Well, it looks as though the fate of Catholic adoption agencies has been definitively sealed, outlawed in the name of ‘equality’, the Charity Commission deciding there is no basis in law for them to remain open, even after a Judge, who ought to know the law rather better, decided that there might well be.
It almost goes without saying that the standard arguments in favour of closing the adoption agencies, or more accurately from not offering an exemption from the comically named ‘equality’ laws, are such manifest nonsense that one gets the impression that even those who dutifully repeat them remain unconvinced, but realise that trotting out something is better than sitting saying nothing. The silence, you see, would expose this for what it really is: ideologically-driven politics.
Indeed, the only even vaguely convincing argument that could be advanced to support the cause is the very one that is very rarely advanced – that, as with the proposals for removing the couples’ penalty from the tax system, these laws are about sending an important symbol about what it is that we value in society today.
Only, such an argument can never, and will never, really be made with any gusto, simply because it would explode those pious platitudes that slide off the tongues of the closure-lobby, who would try and have the outside world believe that this is all about what is ‘best for the children‘. Of course, tactically speaking, the hesitancy to make the symbolism case is entirely understandable, since you can be sure that once those platitudes were exploded, once this whole movement was shown up for being the mean-spirited absolutism that it is, to be pursued even at the expense of children’s welfare and not in the name of it, then not only would there be a leaching of popular support but there would also follow a genuine hardening of opinion against such manifestly malevolent manoeuvres.
The curious thing is that David ‘there is such a thing as society it’s just not the same as the State’ Cameron, has hitherto supported the state-enforced closure of a fairly important plank that big society of his, an organisation that once constituted up to a third of the tertiary sector’s voluntary adoption services. Which means his slogan might need a little editing and would better read as, ‘there is such a thing as society, but it is only legitimate when endorsed by the State’.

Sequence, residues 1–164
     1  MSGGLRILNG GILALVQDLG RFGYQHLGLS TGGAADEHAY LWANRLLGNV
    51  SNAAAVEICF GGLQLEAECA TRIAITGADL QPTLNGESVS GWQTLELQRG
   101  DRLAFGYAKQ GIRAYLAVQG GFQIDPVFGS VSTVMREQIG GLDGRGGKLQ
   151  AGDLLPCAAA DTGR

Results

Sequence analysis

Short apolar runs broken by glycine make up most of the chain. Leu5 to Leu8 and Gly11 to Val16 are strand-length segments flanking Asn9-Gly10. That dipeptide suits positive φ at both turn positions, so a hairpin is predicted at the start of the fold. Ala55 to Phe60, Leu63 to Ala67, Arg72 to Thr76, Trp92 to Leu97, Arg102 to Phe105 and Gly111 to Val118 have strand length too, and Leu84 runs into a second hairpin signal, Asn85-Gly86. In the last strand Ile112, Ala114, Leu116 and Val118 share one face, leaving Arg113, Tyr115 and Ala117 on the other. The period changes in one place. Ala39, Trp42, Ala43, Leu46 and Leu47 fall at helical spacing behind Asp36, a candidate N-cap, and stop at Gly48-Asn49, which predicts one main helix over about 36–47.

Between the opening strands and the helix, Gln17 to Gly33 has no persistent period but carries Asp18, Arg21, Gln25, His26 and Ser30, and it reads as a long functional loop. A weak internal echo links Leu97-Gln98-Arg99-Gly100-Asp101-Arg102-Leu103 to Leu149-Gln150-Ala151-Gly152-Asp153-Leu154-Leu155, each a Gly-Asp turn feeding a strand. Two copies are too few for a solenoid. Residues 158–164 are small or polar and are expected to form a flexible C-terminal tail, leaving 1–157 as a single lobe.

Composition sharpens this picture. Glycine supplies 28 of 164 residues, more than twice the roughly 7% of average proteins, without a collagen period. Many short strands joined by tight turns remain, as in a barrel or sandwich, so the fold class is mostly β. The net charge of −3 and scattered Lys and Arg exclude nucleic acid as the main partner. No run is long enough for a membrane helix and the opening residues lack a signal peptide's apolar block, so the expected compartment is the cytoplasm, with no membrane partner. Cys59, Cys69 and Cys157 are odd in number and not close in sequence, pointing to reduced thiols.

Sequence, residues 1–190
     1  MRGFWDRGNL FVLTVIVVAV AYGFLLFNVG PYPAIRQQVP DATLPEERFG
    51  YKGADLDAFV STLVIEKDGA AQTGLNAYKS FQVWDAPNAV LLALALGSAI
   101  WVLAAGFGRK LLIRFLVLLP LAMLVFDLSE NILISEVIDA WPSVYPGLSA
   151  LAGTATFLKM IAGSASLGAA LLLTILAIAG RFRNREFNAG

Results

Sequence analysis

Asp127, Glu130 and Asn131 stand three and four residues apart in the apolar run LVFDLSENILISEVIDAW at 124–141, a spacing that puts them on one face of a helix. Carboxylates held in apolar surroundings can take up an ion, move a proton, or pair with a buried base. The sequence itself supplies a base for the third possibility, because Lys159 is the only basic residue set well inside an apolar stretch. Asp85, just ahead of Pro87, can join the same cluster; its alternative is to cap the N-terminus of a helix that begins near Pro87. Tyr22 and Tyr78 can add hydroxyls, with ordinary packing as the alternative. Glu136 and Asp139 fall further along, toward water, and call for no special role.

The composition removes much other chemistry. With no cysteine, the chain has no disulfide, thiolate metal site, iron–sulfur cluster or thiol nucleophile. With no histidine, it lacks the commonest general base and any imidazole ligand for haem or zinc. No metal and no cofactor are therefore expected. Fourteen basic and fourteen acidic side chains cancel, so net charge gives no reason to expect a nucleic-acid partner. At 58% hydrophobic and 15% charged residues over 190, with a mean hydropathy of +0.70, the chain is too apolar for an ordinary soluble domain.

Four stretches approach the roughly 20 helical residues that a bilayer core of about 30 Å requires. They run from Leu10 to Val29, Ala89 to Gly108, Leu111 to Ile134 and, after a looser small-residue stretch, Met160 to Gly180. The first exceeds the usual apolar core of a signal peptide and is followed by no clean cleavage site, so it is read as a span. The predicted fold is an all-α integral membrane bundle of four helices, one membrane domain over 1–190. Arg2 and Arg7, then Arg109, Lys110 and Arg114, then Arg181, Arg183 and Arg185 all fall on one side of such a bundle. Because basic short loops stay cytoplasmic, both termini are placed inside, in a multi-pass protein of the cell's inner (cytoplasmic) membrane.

And thus one sees the fundamental psychosis of the social liberal, never truly at ease with society since he has already fundamentally rejected it, only able to conceive society as generated, sanctioned, moulded, defined, authorised, regulated and managed by the State. Which is why social liberals are nearly always statists; at least the ones who follow through the logic of their social liberalism. And why Cameron is more Alinskyian Big Society than Burkean little platoons (no capitalisation required).
And so we have David Cameron, apparent Conservative, Big Society enthusiast, advocating the outlawing of voluntary adoption agencies for refusing to abandon their Christian conscience.
And somewhere, not far away, a man called Syme is frantically re-writing a dictionary.
One of the nice things about having a spell without the internet is that it puts the professional culture industry out of reach for a little while and replaces it with a whole plethora of opinion-forming events, encounters and meetings that one might not otherwise have had if one sat down behind the computer for a nightly fix of news, comment and opinion. And what becomes more and more noticeable the longer one spends in such wonderful limbo is the fact that the imposing wall of orthodoxy one encounters amidst the professional commentariat loses its claim to universality as soon as one shuts down the t’interweb and speaks instead to people in the pub, or in the pews, or in the marketplace. Partly, it is a matter of priorities, but it is also a matter of genuine difference, and rigorously enforced metropolitan creeds have barely a spark of influence beyond that close-knit cabal who insist on the infallibility of their dogma – indeed, it is frequently contravened, and unashamedly so, and sometimes even cringingly so. All of which can leave a man feeling mildly optimistic about life.
Of course, this is not to say that everything which emanates from within the socio-cultural elite is wrong, and everything that emanates outwith that elite is right – it is merely to point out that the whole herd of hip young things, chanting their banal mantras in impeccable unison, should not interpret the fact that everyone in webland thinks the same as them as evidence that therefore what they think must be self-evidently good. And nor must those on the outside, exasperated with what appears to be the untrammelled dominance of the chattering classes, get too downhearted about the whole thing – they talk only to themselves, and only about themselves, and only for themselves. Fortunately, a great chunk of people outside this virtual Hall of Mirrors see right through the ruse and offer that one diagnosis that can bring the populace of this noisy culture industry into the most indignant of misanthropic rages: ‘all the same , them lot, couldn’t slide a fag paper between them.’